Some signposts for Labour's road back

Norman Kirk lost weight, got a decent suit and better hair and won in 1972. David Lange had his stomach stapled to statesman size and won in 1984. Helen Clark got swept-up hair, designer clothes and makeup and won in 1999. Grant Robertson has been measured for a new suit.

Robertson is the fulcrum in Labour’s transition from the post-1980s era to the pre-2020s one. That involves Labour looking and being fresh in face and policy and a generational transition.

David Cunliffe is (just) post-baby-boom and he and Nanaia Mahuta were ministers in Clark’s government. Cunliffe is highly intelligent, articulate and quick but grates with some MPs and party members, which poses a risk of disunity.

David Shearer is baby-boom (54) but fresh, so fresh that he is politically vulnerable — but anti-Beehive feeling in some parts of the public, in part reflected in the high non-vote, might welcome that. He and Grant Robertson, who at 40 is 10 years clear of the baby boom, have not been ministers (though were once respectively in Phil Goff’s and Clark’s back rooms).

Ironically, if the election had been next November after a four-year term this contest might have been six months ago because the election would not have been looming and so influencing MPs’ calculations. Also, a year from now some gloss might have come off National.

As it was, anecdotal evidence and the numbers suggest many Labour-friendly voters last month figured Labour couldn’t win and voted Green or New Zealand First.

Labour’s 34 per cent 2008 party vote slid to 27 per cent. But its electorate seat vote was 35 per cent, 8 percentage points higher.

Go back to 2002: National’s electorate seat vote was 31 per cent, 10 percentage points above its 21 per cent party vote. Numerous National-friendly voters concluded National couldn’t win and voted New Zealand First or United Future.

National thus started its post-2002 rebuild from the low-30s. Labour starts its rebuild from the mid-30s, not the upper-20s.

Moreover, Labour met its core objective: to stabilise its base vote. The three heavily Labour electorates in south Auckland swung 4 1/2 per cent to Labour on the party vote against a nationwide average 7 per cent swing to National. Goff’s multicultural Roskill swung a bit over 1 per cent to Labour. Three west Auckland electorates swung only a little over 1 per cent to National.

This reflects a bigger Labour presence on the ground and less core vote turnoff than in 2008. Labour is less dissociated from its voter base than some think.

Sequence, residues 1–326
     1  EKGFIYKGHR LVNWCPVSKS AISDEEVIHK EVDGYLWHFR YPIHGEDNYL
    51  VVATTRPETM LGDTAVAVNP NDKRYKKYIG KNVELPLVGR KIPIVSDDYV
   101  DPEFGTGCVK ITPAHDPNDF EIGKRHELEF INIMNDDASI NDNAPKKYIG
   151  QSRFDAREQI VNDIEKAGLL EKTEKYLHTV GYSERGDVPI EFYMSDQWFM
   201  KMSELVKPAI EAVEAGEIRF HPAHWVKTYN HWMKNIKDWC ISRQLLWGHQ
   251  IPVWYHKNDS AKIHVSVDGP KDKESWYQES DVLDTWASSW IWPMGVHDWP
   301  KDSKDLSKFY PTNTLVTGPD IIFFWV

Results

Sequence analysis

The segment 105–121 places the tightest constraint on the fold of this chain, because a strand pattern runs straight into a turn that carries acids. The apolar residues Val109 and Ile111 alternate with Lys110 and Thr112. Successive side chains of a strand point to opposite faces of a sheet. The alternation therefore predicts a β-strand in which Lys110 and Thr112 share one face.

Labour can build on that. If National falters and/or Labour springs something that gets attention, Labour could be polling in the mid-upper-30s by mid-2014.

National’s game-changer post-2002 was the foreshore and seabed court ruling, exploited by “barbie on the beach” billboards under Bill English then Don Brash’s “one nation” speech in January 2004 which galvanised conservative white opinion and restored party confidence. Under English National also rewrote its constitution, greatly improving its organisation.

Labour can’t count on a foreshore/seabed match, though the global uncertainties might generate one. But under low-profile president Moira Coatsworth the party is set to refashion its organisation — the rank-and-file meet-the-leader-candidate meetings are a curtain-raiser. And a new leader might generate a “look-at-me” response.

But to be convincing, Labour will need retirements, fresh faces, a root-and-branch candidate makeover in 2014, plausible unity, a first-principles policy rethink so it looks like a government of the future and a practical working relationship with the Greens.

Take the last first. The next Labour-led government, whenever that is, will be Labour-Green. There is now a de facto coalition-in-waiting — Labour-Green, with a very short hyphen. The Greens are well established, even if they drop to 7 per cent next time. In Robertson’s Wellington Central their party vote was very close to Labour’s.

At the grassroots the two parties get on. At leader level the relationship has been formal rather than warm. That is a hangover from Clark’s fear of being branded extreme by association. With only Peters in the middle — if that is where he is — Labour’s new leadership will not have that luxury. Anyway, the Greens have worked at looking less extreme.

Labour did start future-focusing its policy last term — notable contributors were the two Davids plus David Parker, Charles Chauvel and Stuart Nash — though muddied it with some 1970s throwbacks. The next challenge, to push the focus out to the 2020s, is for the 40-and-under cohort: the Robertsons, Jacinda Arderns and Chris Hipkinses.

It is the deputy’s job to organise policy development. Robertson is readier than Mahuta to do this imaginatively and collegially.

Robertson is more than just a shadow behind Shearer. His role in this contest points (whoever wins on Tuesday) towards him as eventual leader, with Ardern as deputy — after his makeover.